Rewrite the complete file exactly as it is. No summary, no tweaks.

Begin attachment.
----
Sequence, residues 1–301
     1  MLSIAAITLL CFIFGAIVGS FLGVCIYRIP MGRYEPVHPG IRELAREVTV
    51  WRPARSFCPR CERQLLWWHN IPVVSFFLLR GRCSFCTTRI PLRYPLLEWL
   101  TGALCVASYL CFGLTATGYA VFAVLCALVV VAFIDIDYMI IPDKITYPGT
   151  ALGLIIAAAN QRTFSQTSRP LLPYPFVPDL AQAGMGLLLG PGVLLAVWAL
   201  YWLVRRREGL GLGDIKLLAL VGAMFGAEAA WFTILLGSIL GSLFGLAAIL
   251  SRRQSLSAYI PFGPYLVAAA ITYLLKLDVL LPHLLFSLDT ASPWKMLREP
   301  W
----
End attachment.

Sequence, residues 1–301
     1  MLSIAAITLL CFIFGAIVGS FLGVCIYRIP MGRYEPVHPG IRELAREVTV
    51  WRPARSFCPR CERQLLWWHN IPVVSFFLLR GRCSFCTTRI PLRYPLLEWL
   101  TGALCVASYL CFGLTATGYA VFAVLCALVV VAFIDIDYMI IPDKITYPGT
   151  ALGLIIAAAN QRTFSQTSRP LLPYPFVPDL AQAGMGLLLG PGVLLAVWAL
   201  YWLVRRREGL GLGDIKLLAL VGAMFGAEAA WFTILLGSIL GSLFGLAAIL
   251  SRRQSLSAYI PFGPYLVAAA ITYLLKLDVL LPHLLFSLDT ASPWKMLREP
   301  W